A Nation Transformed


Not since Harry Truman lauded American forces on the day after Japan's surrender by proclaiming, "What a job you have done!" has a president been able to enjoy the triumph George Bush had last night. The intervening 46 years saw stalemate in Korea, defeat in Vietnam and success at last in the long Cold War. But it took a clear-cut victory on the battlefield against Iraq to "transform" the nation (Mr. Bush's word) in ways only dimly remembered.

Just as Mr. Truman rallied the country for the great struggle to secure a peaceful Europe, Mr. Bush advanced a peace plan for the Middle East. Of the initiatives he announced to a cheering Congress, none is more important than his call for a new security system in the Persian Gulf and settlement of the long smoldering Arab-Israeli dispute.

While Mr. Bush said members of the anti-Iraq coalition will have to take on the bulk of the security task, he said the United States stands ready not only to continue its long-standing naval presence but to participate in "joint exercises involving both air and ground forces." This would represent not only a greater peacetime U.S. involvement in the area than ever before, but also a radical change in attitude by Saudi Arabia.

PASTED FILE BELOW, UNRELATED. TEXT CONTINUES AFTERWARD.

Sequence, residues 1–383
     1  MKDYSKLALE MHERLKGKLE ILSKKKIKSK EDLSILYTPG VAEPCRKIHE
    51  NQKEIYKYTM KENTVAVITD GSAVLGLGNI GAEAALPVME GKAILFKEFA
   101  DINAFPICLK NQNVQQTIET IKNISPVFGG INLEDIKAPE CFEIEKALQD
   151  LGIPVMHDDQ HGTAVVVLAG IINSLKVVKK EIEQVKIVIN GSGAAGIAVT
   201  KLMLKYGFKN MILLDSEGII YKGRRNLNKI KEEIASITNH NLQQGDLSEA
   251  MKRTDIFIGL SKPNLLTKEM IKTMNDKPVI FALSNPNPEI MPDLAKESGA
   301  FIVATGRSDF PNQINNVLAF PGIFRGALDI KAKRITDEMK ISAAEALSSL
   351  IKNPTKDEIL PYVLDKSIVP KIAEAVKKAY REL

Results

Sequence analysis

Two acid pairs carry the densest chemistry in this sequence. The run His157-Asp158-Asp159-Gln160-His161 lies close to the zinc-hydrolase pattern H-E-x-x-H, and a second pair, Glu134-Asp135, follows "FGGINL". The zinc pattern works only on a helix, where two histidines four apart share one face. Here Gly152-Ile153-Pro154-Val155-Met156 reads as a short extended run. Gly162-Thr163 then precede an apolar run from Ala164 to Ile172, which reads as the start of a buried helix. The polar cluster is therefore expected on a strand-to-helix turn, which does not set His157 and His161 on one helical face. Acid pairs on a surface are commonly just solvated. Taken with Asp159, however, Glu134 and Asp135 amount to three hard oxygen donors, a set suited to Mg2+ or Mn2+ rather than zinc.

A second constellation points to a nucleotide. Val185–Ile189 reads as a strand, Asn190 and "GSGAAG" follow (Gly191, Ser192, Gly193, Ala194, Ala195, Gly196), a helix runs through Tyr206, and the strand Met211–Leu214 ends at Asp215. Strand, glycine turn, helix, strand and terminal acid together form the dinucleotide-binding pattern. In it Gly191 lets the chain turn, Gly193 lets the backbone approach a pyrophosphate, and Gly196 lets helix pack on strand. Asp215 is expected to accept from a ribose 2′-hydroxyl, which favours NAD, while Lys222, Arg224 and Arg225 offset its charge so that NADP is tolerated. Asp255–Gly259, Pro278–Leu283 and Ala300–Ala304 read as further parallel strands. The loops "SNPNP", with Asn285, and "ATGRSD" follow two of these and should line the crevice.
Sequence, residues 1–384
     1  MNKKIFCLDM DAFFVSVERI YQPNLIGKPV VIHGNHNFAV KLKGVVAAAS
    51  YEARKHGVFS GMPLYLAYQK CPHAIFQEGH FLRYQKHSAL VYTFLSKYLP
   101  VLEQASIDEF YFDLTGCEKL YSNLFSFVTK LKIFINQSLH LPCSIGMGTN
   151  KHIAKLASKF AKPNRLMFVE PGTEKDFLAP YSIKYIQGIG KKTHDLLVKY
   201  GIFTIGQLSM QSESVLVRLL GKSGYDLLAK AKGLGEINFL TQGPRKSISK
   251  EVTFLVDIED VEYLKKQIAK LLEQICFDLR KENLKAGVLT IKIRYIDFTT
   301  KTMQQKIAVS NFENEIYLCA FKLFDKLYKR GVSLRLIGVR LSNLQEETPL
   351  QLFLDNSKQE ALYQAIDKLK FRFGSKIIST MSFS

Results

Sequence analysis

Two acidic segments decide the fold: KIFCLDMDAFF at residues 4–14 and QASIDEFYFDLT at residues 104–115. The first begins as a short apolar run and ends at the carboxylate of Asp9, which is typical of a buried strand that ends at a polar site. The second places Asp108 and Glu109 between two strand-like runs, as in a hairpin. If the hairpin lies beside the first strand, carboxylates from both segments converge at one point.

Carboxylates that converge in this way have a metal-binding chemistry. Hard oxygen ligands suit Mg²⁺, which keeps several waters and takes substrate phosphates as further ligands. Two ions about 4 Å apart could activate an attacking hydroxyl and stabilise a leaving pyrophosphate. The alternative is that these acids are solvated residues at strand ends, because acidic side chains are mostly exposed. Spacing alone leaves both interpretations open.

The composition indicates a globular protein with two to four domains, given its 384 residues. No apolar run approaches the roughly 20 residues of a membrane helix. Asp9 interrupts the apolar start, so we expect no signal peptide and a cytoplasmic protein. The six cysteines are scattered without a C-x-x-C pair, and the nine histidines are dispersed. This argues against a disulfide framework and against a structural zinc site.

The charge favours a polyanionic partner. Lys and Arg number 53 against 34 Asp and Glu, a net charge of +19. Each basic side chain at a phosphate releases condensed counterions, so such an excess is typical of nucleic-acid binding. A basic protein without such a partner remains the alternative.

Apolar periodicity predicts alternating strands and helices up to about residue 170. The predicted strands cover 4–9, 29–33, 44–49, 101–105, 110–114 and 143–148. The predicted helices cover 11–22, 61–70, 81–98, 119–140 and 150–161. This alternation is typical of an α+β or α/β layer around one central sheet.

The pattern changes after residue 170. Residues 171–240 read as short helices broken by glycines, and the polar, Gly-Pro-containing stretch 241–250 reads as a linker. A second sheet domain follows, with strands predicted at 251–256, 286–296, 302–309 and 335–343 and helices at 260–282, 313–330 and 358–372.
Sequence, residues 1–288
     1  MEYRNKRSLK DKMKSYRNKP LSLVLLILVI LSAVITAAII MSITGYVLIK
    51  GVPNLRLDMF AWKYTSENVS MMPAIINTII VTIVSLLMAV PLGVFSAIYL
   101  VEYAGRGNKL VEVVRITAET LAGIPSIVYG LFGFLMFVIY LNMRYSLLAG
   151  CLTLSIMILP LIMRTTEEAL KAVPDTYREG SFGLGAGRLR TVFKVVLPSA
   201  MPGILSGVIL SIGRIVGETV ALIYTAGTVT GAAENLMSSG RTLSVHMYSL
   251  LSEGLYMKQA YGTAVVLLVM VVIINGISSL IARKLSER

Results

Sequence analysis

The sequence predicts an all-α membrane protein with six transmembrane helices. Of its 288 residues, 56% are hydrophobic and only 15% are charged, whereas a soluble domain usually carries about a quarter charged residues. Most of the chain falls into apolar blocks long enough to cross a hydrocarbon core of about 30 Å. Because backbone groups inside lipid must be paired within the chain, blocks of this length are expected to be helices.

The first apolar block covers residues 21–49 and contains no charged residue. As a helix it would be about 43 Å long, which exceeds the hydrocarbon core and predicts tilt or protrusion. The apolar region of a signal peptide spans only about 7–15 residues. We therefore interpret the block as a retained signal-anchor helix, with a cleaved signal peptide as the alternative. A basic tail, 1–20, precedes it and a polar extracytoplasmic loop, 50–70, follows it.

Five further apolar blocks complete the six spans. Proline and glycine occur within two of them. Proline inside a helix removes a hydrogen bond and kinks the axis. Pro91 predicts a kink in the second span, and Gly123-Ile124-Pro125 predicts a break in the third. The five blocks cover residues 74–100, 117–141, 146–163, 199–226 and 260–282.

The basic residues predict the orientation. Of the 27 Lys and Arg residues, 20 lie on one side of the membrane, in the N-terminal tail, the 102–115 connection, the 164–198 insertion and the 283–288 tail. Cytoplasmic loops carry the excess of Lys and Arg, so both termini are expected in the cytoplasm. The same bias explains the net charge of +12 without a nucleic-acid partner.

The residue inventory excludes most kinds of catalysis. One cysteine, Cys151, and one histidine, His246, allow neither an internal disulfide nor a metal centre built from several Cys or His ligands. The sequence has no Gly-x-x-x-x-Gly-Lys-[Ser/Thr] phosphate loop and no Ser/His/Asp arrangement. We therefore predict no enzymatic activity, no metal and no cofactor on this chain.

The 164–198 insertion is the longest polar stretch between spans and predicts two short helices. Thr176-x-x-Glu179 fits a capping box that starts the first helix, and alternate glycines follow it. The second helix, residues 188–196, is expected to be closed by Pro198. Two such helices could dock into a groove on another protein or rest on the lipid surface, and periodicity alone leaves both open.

an Israel and Saudi Arabia, or Israel and Syria, hitherto mortal enemies, really learn to coexist? Israeli Prime Minister Yitzhak Shamir hinted in a Wall Street Journal interview this week that he might be willing to discuss confidence-building measures, such as water distribution and trade, with Arab countries before obtaining diplomatic recognition. A WSJ commentator quoted an unnamed but supposedly influential Saudi diplomat as designating Jordan as a Palestinian state -- a line long promoted by Israeli rightwinger Ariel Sharon. There also has been talk of an Israeli-Syrian accommodation on the Golan Heights. Fanciful as such ideas are, they are no more fanciful than the late-1970s notion that an Egyptian president might visit Jerusalem and make peace with Israel.

Mr. Bush's other two goals for the Middle East are more universal in scope. He would like to stop the huge arms trafficking in the region, especially in regard to Iraq. And he would seek economic freedom and prosperity for the region, an objective that could be achieved only through a hugeshare-the-wealth program by the oil-rich gulf states.

Just as President Truman spoke of a better America for returning veterans of World War II, President Bush held out the hope that Operation Desert Storm had "transformed" the nation on the home front. The domestic initiatives he outlined, however, were boilerplate repetitions of his state of the union address. When the cheering stops, Mr. Bush will have a lot of domestic business to do if he wants to cap his presidency with success. Harry Truman would tell him that, too.

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